When I made the mental leap and decided to finally spring for a PlayStation 4 last Thanksgiving, Until Dawn was the first game I bought (aside from the packed-in Uncharted Collection). In fact, I ordered the game before even finalizing the PS4 purchase, so technically I owned Until Dawn before even having a console to play it on.
I don’t remember what made me choose it – I’d not heard of it before, didn’t really know what it was about, had done no research on the perfect first game purchase. Honestly, I think it was the cover image more than anything else, that and the fact that Amazon offered it at a great price the day I was online shopping. And then, as these things so often go, once everything had arrived at my house, it would still be some time before I even played the thing.
Until Dawn is now the second game in a growing trend of my girlfriend and I playing games together. We started with Beyond: Two Souls last year, and it ended up being a very enjoyable experience. By “playing together”, I really mean I play while she watches, we discuss what’s happening and she offers as much input on what to do as I do. Well, with Beyond completed, we needed a new game to fill the void and do some co-op gaming, and Until Dawn answered the call.
Before reading on, know that no matter how general I try to keep this post, some details about the plot of Until Dawn will slip through, and if you’re the kind of player who enjoys discovering all on your own (as this game was made to be played), then you shouldn’t read any further. But for those in a spoiling mood, and those who’ve already survived the night, read on.
I originally meant to write about Until Dawn while I was still neck-deep in it, but life got in the way, and we finished the game before I had a chance to “capture the moment”. Odd, since we still took our sweet time with it – I’ve had it since Thanksgiving, after all. Anyway, I felt inspired early on in the game to write because I absolutely LOVED that first half of the game!
Until Dawn is pretty much everything you know and love about modern horror movies, different facets from across the genre, all rolled into one. And for the first four or five chapters, it is basically a teen slasher movie through and through. That statement could sound like it was meant to have negative connotations, and I will admit that Until Dawn hit every eye-roll-inducing note of the genre: over-sexed teens meeting for an isolated getaway at the rich kid’s mountaintop family lodge, bad choices galore, and someone constantly feeling the need to go off on their own. Yup, seen it all before. And it hit the mark so brilliantly that you can’t help but fall in love with it! It’s just honest fun, and in a game no less, which I’ve never seen done before.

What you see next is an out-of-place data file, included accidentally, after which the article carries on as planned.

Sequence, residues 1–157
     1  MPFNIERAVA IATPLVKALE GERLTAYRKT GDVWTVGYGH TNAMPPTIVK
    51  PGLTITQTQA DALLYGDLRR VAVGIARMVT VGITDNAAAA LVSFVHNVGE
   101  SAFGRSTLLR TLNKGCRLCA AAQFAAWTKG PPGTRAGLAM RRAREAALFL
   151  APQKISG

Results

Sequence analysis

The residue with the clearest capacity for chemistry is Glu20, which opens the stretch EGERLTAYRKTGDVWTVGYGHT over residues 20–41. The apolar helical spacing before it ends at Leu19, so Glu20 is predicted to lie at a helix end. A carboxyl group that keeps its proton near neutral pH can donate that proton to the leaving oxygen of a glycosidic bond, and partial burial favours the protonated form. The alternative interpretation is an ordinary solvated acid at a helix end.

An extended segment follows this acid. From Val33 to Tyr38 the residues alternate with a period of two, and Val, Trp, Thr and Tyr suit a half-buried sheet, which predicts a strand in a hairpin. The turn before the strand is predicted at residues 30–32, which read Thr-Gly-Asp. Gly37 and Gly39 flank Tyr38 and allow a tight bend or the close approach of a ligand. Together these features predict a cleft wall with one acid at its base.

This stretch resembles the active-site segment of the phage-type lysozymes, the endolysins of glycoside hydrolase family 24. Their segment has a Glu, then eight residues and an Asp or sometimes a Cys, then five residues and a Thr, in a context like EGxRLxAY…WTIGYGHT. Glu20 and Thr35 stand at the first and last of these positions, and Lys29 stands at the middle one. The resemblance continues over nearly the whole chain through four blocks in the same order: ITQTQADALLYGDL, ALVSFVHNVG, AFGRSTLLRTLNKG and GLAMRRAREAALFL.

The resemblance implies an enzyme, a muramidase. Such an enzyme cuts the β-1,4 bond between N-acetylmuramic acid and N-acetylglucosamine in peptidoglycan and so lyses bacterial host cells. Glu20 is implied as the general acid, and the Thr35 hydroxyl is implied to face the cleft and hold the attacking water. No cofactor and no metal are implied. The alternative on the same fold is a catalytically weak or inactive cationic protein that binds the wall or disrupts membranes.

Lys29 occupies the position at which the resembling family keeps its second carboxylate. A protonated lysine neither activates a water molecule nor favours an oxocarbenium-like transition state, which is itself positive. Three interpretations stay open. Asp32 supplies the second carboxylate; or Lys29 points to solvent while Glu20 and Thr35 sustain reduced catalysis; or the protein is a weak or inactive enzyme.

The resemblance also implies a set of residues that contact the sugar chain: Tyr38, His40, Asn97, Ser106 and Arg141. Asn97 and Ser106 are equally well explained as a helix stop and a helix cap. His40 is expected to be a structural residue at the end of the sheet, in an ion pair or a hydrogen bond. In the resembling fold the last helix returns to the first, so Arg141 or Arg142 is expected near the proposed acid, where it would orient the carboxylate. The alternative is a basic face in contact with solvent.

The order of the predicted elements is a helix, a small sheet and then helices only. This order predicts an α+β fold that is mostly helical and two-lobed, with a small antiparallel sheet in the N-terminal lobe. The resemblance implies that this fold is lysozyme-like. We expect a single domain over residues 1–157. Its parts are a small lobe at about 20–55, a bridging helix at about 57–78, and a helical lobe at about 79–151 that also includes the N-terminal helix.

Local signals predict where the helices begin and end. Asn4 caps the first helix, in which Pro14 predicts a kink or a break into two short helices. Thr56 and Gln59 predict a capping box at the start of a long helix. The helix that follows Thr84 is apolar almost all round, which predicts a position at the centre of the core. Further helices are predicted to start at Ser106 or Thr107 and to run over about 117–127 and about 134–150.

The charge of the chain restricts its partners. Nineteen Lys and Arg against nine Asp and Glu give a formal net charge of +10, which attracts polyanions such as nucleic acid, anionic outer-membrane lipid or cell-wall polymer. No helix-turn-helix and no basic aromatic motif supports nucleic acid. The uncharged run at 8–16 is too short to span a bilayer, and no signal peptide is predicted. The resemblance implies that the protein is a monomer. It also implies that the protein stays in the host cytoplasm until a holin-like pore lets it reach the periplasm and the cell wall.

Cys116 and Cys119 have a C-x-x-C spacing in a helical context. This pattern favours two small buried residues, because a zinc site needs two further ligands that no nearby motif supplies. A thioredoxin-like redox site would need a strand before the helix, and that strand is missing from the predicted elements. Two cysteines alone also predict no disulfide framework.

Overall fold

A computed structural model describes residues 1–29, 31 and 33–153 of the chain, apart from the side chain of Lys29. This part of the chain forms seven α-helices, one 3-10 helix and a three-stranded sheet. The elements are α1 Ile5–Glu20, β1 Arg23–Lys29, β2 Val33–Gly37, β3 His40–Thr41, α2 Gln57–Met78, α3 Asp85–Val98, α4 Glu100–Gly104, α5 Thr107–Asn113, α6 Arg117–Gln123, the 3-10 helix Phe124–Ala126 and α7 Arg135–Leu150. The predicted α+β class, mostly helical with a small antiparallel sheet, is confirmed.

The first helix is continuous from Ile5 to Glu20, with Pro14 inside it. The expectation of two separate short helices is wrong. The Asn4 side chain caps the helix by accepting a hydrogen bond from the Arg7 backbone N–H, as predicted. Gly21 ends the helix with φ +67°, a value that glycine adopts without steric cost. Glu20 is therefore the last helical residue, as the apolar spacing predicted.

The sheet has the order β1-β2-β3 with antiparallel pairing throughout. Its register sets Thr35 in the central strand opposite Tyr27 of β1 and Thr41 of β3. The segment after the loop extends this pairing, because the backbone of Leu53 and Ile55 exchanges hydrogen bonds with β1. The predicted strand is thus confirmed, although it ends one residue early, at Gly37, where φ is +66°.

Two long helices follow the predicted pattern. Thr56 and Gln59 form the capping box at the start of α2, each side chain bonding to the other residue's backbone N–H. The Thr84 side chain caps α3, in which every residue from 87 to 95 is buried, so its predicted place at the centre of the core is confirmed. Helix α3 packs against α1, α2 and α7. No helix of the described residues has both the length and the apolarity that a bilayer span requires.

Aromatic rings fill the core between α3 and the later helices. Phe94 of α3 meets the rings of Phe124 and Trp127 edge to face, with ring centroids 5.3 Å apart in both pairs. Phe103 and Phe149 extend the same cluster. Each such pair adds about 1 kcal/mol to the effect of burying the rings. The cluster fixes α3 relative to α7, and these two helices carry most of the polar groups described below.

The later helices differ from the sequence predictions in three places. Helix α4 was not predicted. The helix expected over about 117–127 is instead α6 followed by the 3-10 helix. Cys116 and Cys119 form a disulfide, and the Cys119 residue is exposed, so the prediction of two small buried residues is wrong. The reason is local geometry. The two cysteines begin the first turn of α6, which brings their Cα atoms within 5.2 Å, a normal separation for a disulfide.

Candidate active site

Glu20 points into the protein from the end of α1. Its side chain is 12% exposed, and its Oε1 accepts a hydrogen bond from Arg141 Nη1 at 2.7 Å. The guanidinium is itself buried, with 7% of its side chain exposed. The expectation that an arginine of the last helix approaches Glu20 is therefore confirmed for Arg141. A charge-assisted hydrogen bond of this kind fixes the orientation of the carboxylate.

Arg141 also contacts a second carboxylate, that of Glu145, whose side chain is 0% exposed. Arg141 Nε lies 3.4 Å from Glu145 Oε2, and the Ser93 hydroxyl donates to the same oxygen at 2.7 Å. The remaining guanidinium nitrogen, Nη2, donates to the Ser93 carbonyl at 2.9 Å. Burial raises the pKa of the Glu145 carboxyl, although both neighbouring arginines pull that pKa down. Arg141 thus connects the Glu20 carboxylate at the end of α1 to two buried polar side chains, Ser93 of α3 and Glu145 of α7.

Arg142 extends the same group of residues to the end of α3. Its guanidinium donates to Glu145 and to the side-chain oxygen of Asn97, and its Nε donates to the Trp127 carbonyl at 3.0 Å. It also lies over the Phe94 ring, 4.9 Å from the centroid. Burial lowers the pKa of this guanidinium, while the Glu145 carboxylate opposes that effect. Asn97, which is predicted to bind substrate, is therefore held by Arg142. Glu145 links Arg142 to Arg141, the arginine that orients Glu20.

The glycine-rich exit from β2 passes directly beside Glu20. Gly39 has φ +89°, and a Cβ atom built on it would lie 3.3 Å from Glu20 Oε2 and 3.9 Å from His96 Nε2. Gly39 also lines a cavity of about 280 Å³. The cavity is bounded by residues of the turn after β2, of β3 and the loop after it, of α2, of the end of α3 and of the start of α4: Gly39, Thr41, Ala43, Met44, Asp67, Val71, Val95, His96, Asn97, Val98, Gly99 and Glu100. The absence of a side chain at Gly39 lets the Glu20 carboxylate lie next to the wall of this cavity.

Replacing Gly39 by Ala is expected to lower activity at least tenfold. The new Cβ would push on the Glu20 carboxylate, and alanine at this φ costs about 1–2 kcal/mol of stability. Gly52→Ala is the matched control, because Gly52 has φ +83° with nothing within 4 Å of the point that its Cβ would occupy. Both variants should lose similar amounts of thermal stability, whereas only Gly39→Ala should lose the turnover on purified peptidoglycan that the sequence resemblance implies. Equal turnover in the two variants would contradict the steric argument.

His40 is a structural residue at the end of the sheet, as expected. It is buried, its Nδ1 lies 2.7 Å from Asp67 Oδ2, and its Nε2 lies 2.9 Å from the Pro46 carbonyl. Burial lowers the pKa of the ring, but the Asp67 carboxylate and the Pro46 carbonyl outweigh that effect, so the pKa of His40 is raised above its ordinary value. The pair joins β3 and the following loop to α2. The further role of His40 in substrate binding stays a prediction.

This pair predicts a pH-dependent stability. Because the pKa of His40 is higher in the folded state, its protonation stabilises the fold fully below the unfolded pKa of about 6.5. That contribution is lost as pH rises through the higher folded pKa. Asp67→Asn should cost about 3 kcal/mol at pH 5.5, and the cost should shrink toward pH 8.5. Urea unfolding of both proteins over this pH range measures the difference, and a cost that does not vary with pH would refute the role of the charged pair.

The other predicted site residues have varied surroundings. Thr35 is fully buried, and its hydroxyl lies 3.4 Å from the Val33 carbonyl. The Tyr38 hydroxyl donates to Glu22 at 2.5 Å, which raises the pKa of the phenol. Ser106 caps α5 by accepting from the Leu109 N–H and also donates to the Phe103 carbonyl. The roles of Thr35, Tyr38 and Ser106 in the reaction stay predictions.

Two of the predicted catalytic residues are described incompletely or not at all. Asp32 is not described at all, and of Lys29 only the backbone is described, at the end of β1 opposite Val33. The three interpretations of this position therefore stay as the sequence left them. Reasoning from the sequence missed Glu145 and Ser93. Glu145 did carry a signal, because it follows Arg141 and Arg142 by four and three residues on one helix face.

So for the first half of Until Dawn, I was hooked. I couldn’t play more than maybe 45 minutes a night – every jump scare made me scream, every second I was on the edge of my seat with anticipation over what was about to happen. I really can’t say enough good things about my experience with the game. Eventually, there is a metamorphosis, and the slasher theme makes way for a ghost story, a haunted house thriller, a creature feature, a supernatural mystery. Throw in a few scenes of torture porn (which was maybe the only thing that seemed oddly out-of-place to me), and you’ve got a game that pretty much covered all its horror bases.
The constant shift from one tone to the other for the second half of the game was the one point I’ll conceded against Until Dawn; it felt jarring, and I so dearly would have loved for the slasher “movie” to continue ’til the end. But that’s still not enough to make me feel let down by the game. For one, the graphics are amazing, easily the best character models I’ve ever seen – these teens looked so goddamn real! And then, of course, there’s the branching storyline, where player choice affects who, if anyone, actually survives until the sun comes up.
I was feeling pretty proud of myself. I’d read that it’s possible to manage to have every one of the eight teens stay alive through the game. And as the game neared its conclusion, I was feeling better and better about my odds of getting that “perfect ending”. At the same time, the closer I got to the end, the more nervous I became about every little choice. I know how horror movies work when you get near the end.
Then it all went to shit.
Within what felt like only minutes from each other, I went from a full roster of eight to only three survivors – I killed off over half my cast, two of them within the last few second of gameplay! Hot damn. I refuse to take full credit for everything that went down, though in at least one case death was the direct result of my being too damn inquisitive. Serves me right – I shoulda known better. And, yes, I don’t know what possessed me at the very end to make the choices I did, as they clearly telegraphed – and I was even warned via totems I’d found – that disaster could be the only possible outcome for what I was about to do. Then I did it anyway, and two of my compatriots paid the price.
There were many moments during the final, frantic dash to the finish line, when I would look over at my girlfriend, only to find her rolling her eyes and sadly shaking her head at me for getting yet another character killed. Well, it’s not how I wanted things to go, either. But I like to think, for better or for worse, rather than go back and replay the ending for a more favorable outcome, that this is how the story goes, it was how my story was meant to end. I won’t make the same mistake I made at the end of Mass Effect 3, when I played all three endings in succession, effectively eliminating the impact of player choice on how the story ended. Even if I do one day replay the game and make different choices, my first experience with the game has to stand as my “official” experience.